Leptin is a hormone made and secreted by fat-storing cells. It regulates energy usage and expenditure, glucose and fat metabolism, and neuroendocrine and immune function. Leptin decreases fat production and hunger and many thought that it would be effective in treating obesity. However, obesity is accompanied by leptin resistance, meaning leptin does not work well in the body. A clinical trial study published in “Diabetes, Obesity and Metabolism” found that leptin treatment does not significantly reduce weight in obese individuals.
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Because leptin is a hormone with profound effects on energy homeostasis, metabolism and immune and neuroendocrine function both a deficiency of leptin and an excess of leptin results in the dysfunction of multiple organs. More research in humans needs to be conducted in order to determine whether acute or chronic administration of leptin causes serious side effects.
Sympathetic Nervous System
Leptin stimulates the sympathetic nervous system, also known as the “flight-or-fight” response. This part of the nervous system regulates many body responses including heart rate, gut motility, blood vessel constriction, bone formation, sweating and blood pressure. Reported in the January 2010 issue of “Current Opinion in Nephrology and Hypertension” high levels of leptin in obese individuals may play a role in the development of hypertension and other cardiovascular abnormalities.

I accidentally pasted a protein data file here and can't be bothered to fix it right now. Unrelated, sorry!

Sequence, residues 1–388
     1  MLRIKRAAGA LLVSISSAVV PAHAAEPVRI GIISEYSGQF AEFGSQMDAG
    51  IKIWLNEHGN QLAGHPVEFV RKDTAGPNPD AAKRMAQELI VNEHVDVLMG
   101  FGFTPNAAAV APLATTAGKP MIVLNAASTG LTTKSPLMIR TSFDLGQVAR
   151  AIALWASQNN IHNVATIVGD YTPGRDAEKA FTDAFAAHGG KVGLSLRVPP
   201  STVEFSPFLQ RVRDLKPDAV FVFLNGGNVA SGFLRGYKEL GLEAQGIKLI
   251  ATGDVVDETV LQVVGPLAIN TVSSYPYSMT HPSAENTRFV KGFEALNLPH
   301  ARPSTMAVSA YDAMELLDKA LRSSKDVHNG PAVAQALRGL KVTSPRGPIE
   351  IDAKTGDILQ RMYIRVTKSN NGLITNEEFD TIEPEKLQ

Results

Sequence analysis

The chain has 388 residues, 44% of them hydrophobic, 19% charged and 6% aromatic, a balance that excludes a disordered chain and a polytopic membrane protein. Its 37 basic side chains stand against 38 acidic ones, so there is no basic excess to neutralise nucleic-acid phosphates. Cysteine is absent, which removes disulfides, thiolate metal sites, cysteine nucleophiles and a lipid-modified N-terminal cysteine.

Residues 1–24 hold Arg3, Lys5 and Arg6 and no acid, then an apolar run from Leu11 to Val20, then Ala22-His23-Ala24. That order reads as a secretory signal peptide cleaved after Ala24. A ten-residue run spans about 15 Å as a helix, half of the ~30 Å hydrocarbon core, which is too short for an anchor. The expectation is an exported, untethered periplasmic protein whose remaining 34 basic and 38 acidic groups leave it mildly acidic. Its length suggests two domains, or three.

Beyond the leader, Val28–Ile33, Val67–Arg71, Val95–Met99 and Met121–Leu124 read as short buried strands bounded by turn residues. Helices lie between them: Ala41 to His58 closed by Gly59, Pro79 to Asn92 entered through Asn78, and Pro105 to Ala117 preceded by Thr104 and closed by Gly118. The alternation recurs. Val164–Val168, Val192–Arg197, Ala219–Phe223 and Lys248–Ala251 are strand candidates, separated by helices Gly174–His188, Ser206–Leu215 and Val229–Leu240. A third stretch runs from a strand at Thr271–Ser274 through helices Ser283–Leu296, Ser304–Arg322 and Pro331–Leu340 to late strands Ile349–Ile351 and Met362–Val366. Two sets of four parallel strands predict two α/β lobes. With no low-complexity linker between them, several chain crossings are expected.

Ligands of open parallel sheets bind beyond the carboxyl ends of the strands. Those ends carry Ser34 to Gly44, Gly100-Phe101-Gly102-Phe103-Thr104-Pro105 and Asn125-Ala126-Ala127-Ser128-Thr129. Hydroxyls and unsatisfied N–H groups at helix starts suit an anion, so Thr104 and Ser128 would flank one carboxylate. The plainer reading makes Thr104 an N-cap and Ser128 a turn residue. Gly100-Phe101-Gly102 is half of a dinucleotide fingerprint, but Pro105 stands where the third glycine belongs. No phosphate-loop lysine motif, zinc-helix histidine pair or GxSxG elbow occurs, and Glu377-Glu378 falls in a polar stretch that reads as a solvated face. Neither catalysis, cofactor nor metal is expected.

A review article published in a 2009 issue of “Endocrine Regulations” stated that leptin increases molecules that induce inflammation in animals and may contribute to the development and progression of autoimmune responses. This study also reported there is some evidence to suggest that leptin plays a role in the development of rheumatoid arthritis in humans, however the studies are controversial. A clinical trial study published in “Diabetes, Obesity, and Metabolism” reported the only adverse effect of leptin administration in overweight individuals was injection site reactions. A review of leptin in the “American Journal of Clinical Nutrition” reported that leptin replacement therapy improved immune function in children with congenital leptin deficiency. Also, many animal studies demonstrate that leptin positively modulates the immune system and is protective against infectious disease.
Obesity, a disorder in which leptin levels are high, is a risk factor for breast cancer. A study reported in the 2010 issue of “Endocrine-related Cancer” that leptin increases the growth of mammary cells in the laboratory and that the leptin receptor was elevated in humans with breast cancer. While there is some evidence to suggest that high circulating leptin levels in the body may contribute to breast cancer progression, no studies have been conducted to demonstrate that leptin treatment causes breast cancer.
It was reported in a study in the “Proceedings of the National Academy of Sciences” that leptin potentiates the effects of insulin. If this is the case, injected leptin could potentially increase the frequency or severity of hypoglycemia in diabetic patients who are also taking insulin or oral anti-diabetic drugs.